CONCLUSIONS 1. In the loading regimes tested, the research team has found no significant effect of media size on acclimation time of the nitrification beds. 2. The commercial additive containing nitrifying bacteria had no significant effect on the biological filter's ability to acclimate at a faster rate. 3. Ammonia addition to simulate system loading properly acclimated the biological filter, but did not shorten the acclimation time period. 4. The addition of both ammonia and nitrite to stimulate simultaneous growth in both species of nitrifying bacteria holds the most promising avenue for future research. Nitrite addition during startup of a biological filter reduced the acclimation period by 28% (or 10 days). ACKNOWLEDGEMENTS This research was supported by the Louisiana Sea Grant College Program. Collaborative support was provided by the Mississippi-Alabama Sea Grant Consortium. These programs are elements of the National Sea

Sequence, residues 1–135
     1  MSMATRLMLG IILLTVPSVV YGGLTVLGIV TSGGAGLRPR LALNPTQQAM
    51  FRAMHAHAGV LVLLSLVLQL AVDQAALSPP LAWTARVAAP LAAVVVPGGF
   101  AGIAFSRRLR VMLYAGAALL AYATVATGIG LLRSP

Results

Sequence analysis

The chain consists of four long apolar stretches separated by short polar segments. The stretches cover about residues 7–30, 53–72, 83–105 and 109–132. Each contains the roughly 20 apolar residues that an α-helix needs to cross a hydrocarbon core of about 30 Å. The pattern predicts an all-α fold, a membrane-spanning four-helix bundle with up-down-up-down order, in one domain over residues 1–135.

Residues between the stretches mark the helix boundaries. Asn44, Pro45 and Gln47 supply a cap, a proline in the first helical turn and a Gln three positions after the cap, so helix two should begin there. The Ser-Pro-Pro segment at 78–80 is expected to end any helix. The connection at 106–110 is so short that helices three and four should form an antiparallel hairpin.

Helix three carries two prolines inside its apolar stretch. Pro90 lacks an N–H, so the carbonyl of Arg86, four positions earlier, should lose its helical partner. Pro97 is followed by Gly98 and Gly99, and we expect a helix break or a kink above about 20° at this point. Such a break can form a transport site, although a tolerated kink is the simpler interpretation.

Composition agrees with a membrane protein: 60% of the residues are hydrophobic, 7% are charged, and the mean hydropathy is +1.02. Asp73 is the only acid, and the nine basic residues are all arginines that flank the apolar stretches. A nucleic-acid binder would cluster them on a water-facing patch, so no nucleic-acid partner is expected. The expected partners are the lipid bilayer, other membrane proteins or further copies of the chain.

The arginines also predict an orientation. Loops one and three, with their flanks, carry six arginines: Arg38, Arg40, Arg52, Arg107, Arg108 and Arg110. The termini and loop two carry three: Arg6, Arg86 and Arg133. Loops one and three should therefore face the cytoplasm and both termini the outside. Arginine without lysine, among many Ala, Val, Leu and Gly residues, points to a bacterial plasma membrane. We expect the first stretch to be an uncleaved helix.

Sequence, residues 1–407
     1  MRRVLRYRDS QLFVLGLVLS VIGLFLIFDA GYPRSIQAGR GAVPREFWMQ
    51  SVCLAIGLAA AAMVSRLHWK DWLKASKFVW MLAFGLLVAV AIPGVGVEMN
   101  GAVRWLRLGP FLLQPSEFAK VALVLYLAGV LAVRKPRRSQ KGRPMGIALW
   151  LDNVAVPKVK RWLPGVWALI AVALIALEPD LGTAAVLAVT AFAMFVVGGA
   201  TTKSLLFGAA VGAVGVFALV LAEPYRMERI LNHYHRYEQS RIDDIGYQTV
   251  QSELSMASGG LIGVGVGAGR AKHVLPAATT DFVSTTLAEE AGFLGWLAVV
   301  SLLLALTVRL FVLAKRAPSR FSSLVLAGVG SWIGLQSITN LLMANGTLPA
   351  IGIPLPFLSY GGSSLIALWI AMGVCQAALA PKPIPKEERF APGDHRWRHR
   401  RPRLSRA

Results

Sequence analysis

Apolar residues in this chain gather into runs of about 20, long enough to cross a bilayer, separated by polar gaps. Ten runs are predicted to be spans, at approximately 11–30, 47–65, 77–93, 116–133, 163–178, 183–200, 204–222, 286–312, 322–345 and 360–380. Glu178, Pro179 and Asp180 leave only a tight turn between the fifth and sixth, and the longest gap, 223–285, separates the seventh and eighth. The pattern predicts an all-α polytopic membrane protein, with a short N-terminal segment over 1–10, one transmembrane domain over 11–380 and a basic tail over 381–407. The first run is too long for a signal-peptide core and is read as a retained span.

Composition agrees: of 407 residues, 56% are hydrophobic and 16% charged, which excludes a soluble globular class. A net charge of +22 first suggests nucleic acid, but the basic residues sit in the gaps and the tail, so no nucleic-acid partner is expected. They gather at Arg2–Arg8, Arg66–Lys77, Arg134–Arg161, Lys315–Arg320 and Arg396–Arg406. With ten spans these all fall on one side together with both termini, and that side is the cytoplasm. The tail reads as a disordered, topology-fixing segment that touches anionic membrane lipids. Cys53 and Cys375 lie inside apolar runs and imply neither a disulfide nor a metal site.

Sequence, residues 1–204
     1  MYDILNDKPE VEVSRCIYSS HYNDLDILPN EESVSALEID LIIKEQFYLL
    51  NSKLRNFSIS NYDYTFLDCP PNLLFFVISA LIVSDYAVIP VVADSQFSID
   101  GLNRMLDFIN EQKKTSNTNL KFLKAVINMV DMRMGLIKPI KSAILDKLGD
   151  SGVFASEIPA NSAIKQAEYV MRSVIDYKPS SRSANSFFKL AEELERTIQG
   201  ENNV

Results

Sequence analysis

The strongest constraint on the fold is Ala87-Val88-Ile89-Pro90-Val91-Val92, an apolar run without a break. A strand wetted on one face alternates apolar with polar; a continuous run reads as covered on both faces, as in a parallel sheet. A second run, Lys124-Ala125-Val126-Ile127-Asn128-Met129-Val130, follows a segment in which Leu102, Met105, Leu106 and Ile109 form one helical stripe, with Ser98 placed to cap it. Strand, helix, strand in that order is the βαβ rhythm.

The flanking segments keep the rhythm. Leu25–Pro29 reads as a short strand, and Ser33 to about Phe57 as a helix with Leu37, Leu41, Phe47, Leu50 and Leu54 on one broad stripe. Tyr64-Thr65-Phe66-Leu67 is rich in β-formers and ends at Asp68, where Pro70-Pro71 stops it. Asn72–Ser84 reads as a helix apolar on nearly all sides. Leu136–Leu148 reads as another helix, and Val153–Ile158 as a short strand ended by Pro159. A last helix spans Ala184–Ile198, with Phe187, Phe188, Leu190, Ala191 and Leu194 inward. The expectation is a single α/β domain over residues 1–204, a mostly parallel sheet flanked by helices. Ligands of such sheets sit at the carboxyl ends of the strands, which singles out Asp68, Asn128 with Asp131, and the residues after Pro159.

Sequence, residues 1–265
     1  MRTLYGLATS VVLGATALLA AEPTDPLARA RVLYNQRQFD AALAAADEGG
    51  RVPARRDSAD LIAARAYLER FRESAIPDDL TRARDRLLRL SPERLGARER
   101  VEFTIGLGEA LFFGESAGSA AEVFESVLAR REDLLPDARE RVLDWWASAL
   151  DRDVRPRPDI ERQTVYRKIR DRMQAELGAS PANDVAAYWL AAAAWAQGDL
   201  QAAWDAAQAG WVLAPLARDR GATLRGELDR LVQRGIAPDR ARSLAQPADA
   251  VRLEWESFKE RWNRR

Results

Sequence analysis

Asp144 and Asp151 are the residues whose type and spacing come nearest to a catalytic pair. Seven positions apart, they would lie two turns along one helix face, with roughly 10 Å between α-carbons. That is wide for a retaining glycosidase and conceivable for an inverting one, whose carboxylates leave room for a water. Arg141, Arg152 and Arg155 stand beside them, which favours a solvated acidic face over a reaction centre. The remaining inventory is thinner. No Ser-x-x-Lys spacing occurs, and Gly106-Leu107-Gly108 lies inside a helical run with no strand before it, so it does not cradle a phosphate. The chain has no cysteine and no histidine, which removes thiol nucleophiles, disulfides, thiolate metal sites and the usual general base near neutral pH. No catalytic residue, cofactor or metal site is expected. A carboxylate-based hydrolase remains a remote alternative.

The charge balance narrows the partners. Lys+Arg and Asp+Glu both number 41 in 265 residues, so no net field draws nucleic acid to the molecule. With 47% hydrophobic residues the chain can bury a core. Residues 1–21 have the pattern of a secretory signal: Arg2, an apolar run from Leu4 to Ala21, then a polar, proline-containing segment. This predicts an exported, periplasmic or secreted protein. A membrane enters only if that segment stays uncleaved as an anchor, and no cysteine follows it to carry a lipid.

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D. P. Manthe, R. F. Malone

Grant College Program, under the direction of N O A A , US Department of Commerce. Crabs were supplied and invaluable technical advice given by Mr Cultus Pearson through his commercial operation in LaCombe, Louisiana. Donation of filter tanks by Plantation Fiberglas of Bush, Louisiana, is acknowledged. Laboratory analysis was performed by Lo Tan.